Scroll Top

Rights Of Sex Workers In India

What is Prostitution

Prostitution is the business of engaging in sexual activity in exchange for monetary compensation. The word has been derived from the Latin word “Prostituere”, which means “to expose publicly”. It has been an occupation which has existed in our early history but, through the passage of time, has become an occupation questioning public morality and as a “taint” to society. The primary issue that lies here is that people often just relate a profession such as sex work to be synonymous with sexual abuse and oppression; they fail to see it as a viable commercial trade for females. Additionally, the majority of the females who take up this form of profession belong to the lower income strata of society and thus have low bargaining power. This leads to recurrent injustice and grave harm to their dignity. Through this blog, we would be discussing the recent judgements and the laws regulating the rights of sex workers in India.

Immoral Trafficking (Prevention) Act [ITPA], 1986  

The Immoral Trafficking (Prevention) Act (ITPA) of 1986 regulates and provides guidelines for the occupation of sex work in India. Section 2 (f)[1] of this Act defines “Prostitution” as “Prostitution means the sexual exploitation or abuse of persons for commercial purposes, and the expression “prostitute” shall be construed accordingly”

This Act does not consider “prostitution” to be illegal in India. On the other hand, pimping and running a brothel would be regarded as unlawful. If a female is wrongly exploited and used to gain profits, that is an offence under the law. It does not legalize the “flesh trade” in any form or manner. It is to be ensured that the sex worker is an adult who consents to work in the environment without any coercion. Under these circumstances, the police must refrain from taking criminal action against them. Apart from this Act, several provisions exist like Sections 372[2] and 372[3] in the Indian Penal Code and Section 81[4] in the Juvenile Justice (Care and Protection of Children) Act, 2015, which provide for punishments regarding child prostitution, exploitation and trafficking and so on. While this Act was made to regulate and protect the rights of these sex workers, it is not ubiquitous in nature. For instance, the Act includes only females as sex workers and not the male and transgender population, which discredits the rights that should be available to them. Moreover, Additional Solicitor General Jayant Sud informed the court that a draft anti-trafficking bill was under the process named the Trafficking in Persons (Prevention, Care and Rehabilitation) Bill, 2022[5]. The bill was introduced five years ago.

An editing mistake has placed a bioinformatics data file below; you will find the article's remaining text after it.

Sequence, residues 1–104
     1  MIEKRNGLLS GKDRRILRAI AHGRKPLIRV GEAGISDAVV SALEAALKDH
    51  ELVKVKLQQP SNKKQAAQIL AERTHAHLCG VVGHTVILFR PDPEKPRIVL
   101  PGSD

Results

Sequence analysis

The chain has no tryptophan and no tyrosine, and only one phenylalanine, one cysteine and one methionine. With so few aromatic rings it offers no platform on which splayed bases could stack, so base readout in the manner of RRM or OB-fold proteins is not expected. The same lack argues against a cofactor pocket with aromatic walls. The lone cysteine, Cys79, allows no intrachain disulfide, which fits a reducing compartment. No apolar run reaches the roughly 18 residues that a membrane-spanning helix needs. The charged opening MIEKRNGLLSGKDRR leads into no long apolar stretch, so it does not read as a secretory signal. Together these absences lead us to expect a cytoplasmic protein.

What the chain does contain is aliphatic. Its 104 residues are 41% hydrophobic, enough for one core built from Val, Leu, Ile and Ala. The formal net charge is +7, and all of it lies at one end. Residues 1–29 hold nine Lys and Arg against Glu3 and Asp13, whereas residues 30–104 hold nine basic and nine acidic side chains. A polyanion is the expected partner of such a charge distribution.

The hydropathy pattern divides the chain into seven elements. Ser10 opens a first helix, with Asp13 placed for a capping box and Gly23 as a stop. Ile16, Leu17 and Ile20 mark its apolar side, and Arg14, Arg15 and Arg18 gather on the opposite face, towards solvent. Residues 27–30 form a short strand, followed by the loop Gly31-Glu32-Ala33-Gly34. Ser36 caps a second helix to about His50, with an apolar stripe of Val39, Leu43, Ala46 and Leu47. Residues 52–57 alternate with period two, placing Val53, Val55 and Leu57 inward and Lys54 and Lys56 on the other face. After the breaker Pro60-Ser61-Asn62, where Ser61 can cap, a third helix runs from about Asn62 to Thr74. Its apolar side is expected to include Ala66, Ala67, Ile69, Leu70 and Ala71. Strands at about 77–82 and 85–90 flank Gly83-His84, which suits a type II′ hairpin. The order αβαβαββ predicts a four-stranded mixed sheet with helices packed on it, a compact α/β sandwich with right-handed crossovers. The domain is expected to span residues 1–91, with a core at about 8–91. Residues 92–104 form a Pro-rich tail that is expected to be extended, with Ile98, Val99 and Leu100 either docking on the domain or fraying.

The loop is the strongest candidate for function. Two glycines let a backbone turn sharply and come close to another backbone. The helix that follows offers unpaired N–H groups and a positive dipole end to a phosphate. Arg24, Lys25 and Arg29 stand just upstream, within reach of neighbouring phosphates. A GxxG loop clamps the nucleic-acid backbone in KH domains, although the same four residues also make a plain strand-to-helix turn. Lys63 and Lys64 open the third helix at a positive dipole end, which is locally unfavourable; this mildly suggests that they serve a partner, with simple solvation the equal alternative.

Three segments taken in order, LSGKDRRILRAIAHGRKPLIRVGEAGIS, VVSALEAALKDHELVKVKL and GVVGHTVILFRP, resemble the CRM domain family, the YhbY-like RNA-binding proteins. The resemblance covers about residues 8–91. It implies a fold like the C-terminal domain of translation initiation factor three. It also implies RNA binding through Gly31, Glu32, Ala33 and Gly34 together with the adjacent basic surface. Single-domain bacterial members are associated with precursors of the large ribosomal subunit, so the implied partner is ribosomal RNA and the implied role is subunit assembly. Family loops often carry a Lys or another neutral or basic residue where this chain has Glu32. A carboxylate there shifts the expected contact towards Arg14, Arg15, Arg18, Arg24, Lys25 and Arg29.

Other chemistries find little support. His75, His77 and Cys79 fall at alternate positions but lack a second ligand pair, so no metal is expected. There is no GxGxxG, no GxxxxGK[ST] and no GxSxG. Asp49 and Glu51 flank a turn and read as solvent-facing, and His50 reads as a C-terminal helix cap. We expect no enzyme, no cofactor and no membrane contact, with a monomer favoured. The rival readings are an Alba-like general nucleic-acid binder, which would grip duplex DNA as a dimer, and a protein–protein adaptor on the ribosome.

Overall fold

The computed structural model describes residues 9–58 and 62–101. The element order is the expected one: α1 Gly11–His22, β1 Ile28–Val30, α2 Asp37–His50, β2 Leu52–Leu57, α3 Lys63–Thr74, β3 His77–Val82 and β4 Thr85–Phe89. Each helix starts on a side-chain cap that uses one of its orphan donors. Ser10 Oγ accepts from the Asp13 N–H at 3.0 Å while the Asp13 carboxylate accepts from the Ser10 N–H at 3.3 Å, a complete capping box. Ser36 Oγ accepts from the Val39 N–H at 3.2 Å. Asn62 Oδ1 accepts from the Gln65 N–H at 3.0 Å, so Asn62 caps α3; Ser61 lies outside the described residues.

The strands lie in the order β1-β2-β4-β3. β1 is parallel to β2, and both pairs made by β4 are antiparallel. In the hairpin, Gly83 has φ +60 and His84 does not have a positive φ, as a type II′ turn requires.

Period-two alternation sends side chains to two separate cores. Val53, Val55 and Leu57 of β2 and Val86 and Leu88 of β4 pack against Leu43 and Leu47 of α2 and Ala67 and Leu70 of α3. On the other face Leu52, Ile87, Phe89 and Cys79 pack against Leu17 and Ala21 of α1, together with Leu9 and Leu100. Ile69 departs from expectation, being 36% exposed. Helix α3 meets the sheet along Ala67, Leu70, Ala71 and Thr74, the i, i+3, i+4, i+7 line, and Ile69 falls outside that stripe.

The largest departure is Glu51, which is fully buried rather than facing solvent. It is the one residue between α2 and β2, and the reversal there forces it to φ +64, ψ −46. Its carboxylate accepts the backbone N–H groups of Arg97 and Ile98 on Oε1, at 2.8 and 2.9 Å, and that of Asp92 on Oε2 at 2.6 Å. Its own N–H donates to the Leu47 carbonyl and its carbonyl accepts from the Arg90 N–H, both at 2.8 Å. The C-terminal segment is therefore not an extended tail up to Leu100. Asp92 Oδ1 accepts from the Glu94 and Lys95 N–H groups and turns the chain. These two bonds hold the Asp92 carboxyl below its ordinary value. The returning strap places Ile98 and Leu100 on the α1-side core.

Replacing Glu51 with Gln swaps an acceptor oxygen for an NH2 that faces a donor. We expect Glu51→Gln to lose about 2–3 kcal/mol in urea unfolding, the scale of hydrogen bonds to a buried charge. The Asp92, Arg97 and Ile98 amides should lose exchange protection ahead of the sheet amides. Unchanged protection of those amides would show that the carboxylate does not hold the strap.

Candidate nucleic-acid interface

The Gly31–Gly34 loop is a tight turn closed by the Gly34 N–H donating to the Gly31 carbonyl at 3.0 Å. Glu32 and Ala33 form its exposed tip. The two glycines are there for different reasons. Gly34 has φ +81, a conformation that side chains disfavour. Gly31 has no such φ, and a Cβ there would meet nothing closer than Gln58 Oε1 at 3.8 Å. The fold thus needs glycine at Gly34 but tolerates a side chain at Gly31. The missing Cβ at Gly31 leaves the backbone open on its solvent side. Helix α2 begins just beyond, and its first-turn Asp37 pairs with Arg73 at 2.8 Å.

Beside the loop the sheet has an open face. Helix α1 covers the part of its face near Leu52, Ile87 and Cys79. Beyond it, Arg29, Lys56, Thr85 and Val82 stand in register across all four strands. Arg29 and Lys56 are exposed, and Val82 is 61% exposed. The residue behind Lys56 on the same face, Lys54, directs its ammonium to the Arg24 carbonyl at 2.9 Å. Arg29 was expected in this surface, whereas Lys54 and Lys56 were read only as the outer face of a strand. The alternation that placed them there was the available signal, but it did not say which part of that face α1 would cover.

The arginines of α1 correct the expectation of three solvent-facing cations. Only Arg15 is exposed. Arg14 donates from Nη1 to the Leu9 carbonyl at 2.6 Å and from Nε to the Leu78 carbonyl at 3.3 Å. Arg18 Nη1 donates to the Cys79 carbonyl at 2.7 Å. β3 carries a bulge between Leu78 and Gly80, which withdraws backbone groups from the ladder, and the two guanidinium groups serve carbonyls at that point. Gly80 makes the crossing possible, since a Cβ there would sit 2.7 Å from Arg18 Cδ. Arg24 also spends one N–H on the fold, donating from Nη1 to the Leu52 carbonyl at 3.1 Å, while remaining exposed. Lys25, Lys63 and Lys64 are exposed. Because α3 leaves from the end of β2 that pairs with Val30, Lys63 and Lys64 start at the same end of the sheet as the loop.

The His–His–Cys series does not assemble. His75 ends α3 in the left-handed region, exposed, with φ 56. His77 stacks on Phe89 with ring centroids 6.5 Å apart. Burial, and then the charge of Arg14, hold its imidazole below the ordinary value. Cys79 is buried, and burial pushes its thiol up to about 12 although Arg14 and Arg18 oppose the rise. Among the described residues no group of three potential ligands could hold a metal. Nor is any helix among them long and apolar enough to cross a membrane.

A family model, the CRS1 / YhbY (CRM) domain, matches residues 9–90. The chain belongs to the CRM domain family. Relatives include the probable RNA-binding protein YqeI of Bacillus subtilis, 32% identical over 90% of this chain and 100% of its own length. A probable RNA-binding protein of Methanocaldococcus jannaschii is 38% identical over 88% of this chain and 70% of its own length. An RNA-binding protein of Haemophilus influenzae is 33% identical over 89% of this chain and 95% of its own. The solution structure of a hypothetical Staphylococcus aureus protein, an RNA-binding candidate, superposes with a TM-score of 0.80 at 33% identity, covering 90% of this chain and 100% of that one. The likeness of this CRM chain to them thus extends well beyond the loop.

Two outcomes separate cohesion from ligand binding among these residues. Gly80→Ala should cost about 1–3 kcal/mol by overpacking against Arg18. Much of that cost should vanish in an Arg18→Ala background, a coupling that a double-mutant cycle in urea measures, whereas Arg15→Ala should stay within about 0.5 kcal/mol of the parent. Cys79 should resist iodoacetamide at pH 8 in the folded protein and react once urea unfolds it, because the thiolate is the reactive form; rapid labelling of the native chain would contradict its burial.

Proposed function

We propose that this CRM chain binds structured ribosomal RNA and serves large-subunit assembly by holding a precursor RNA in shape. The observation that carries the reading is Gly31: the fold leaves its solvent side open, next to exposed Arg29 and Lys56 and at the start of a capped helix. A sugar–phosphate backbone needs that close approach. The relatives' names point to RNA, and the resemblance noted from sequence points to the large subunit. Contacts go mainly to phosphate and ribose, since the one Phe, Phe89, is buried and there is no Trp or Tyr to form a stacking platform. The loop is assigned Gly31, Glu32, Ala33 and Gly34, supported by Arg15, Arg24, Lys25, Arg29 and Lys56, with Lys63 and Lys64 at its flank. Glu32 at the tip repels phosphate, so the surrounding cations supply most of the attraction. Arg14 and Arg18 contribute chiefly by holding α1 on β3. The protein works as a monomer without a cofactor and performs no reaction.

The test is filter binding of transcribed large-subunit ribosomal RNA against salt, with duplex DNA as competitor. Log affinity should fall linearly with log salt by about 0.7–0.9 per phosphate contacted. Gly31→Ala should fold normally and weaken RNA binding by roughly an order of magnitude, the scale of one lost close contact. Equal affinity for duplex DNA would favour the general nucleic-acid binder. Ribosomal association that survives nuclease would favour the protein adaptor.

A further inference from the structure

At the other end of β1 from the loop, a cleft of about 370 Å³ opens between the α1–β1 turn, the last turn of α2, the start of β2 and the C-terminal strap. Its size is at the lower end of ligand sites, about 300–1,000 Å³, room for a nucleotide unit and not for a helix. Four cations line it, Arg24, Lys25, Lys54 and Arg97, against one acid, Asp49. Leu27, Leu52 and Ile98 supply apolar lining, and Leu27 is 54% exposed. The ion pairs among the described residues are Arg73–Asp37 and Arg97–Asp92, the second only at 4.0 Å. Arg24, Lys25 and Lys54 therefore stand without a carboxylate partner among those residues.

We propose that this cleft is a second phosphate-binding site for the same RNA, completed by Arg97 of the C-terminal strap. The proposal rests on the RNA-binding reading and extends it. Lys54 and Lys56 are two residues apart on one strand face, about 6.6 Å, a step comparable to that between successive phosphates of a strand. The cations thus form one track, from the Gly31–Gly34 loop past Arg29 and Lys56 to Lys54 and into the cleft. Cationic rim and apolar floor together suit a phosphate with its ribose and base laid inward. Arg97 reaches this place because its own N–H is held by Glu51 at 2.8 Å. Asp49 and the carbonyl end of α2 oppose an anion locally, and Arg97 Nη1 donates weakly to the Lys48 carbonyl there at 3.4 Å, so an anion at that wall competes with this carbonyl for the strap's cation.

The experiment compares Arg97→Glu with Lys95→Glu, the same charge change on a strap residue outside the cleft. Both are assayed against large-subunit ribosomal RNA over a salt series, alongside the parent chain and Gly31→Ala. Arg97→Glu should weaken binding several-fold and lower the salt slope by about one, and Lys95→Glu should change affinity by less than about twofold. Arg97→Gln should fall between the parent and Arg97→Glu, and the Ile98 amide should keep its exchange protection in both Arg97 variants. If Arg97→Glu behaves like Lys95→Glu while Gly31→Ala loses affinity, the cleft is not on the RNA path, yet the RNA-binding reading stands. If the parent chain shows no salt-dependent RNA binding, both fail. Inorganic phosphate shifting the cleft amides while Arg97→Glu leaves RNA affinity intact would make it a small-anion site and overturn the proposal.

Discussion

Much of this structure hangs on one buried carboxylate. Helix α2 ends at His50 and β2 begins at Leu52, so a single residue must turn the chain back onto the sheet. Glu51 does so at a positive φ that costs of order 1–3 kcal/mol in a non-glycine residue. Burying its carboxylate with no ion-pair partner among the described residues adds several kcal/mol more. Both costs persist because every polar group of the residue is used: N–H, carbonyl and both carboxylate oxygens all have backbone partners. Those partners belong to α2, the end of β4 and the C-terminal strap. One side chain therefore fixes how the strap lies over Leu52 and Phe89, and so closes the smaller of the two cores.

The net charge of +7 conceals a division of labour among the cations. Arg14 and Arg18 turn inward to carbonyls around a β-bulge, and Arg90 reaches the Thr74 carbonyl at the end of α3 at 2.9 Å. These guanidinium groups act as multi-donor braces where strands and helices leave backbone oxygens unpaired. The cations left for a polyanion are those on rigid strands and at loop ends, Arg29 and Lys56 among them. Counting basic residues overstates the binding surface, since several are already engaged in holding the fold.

Judgements by Courts 

In the case of Budhadev Karmaskar v. State of West Bengal[6], a case wherein a sex worker had been brutally murdered for refusing to have sexual intercourse with a man, the Supreme Court held that sex workers have a right to dignity under Article 21[7] of the Constitution.

The court in Manoj Shaw and Manoj Kumar Shaw v. State of West Bengal[8] laid down specific guidelines while dealing with the offences under ITPA 1956.

In the case of Maharashtra v. Madhukar Narayan Mardikar[9], a “woman of easy virtue” was sexually abused. The Supreme Court has held that even a sex worker is entitled to the protection of the law enshrined under Article 14[10] and Part III of the Constitution and her statements must be taken into account. Moreover, in the case of Shushil v State of U.P[11], the Allahabad High Court has held that the statements given by a prostitute in instances of rape must be believed, and it cannot be undermined because of her choice of profession.